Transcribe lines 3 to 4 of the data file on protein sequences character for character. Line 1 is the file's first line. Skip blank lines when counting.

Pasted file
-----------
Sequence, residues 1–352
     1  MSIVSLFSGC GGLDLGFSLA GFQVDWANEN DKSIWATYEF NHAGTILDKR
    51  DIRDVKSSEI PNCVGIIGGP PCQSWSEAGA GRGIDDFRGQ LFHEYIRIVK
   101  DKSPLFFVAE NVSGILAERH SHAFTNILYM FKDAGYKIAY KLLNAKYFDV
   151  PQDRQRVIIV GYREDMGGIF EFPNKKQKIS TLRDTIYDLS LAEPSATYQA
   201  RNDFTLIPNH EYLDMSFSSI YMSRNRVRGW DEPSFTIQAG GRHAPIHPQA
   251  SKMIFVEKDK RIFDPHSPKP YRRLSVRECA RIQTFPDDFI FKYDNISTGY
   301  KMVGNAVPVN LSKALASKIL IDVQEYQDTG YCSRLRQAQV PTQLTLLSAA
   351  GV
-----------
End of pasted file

    51  DIRDVKSSEI PNCVGIIGGP PCQSWSEAGA GRGIDDFRGQ LFHEYIRIVK
   101  DKSPLFFVAE NVSGILAERH SHAFTNILYM FKDAGYKIAY KLLNAKYFDV